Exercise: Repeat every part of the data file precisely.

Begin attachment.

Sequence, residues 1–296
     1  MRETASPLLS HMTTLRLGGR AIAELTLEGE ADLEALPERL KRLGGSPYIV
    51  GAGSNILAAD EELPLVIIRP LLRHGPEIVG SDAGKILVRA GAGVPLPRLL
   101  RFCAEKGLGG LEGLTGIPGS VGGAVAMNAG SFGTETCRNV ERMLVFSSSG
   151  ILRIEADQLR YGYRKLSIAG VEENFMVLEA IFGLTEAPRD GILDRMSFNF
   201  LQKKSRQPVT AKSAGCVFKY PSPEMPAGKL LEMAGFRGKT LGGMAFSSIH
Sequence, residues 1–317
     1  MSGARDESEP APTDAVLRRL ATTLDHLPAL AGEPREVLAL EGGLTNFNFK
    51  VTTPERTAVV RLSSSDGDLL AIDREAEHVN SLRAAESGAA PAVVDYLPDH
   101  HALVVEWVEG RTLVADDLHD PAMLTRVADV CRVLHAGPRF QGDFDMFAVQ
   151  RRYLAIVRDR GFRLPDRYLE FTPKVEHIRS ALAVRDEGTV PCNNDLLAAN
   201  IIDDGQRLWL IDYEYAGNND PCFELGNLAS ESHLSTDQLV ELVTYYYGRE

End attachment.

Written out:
Sequence, residues 1–296
     1  MRETASPLLS HMTTLRLGGR AIAELTLEGE ADLEALPERL KRLGGSPYIV
    51  GAGSNILAAD EELPLVIIRP LLRHGPEIVG SDAGKILVRA GAGVPLPRLL
   101  RFCAEKGLGG LEGLTGIPGS VGGAVAMNAG SFGTETCRNV ERMLVFSSSG
   151  ILRIEADQLR YGYRKLSIAG VEENFMVLEA IFGLTEAPRD GILDRMSFNF
   201  LQKKSRQPVT AKSAGCVFKY PSPEMPAGKL LEMAGFRGKT LGGMAFSSIH
Sequence, residues 1–317
     1  MSGARDESEP APTDAVLRRL ATTLDHLPAL AGEPREVLAL EGGLTNFNFK
    51  VTTPERTAVV RLSSSDGDLL AIDREAEHVN SLRAAESGAA PAVVDYLPDH
   101  HALVVEWVEG RTLVADDLHD PAMLTRVADV CRVLHAGPRF QGDFDMFAVQ
   151  RRYLAIVRDR GFRLPDRYLE FTPKVEHIRS ALAVRDEGTV PCNNDLLAAN
   201  IIDDGQRLWL IDYEYAGNND PCFELGNLAS ESHLSTDQLV ELVTYYYGRE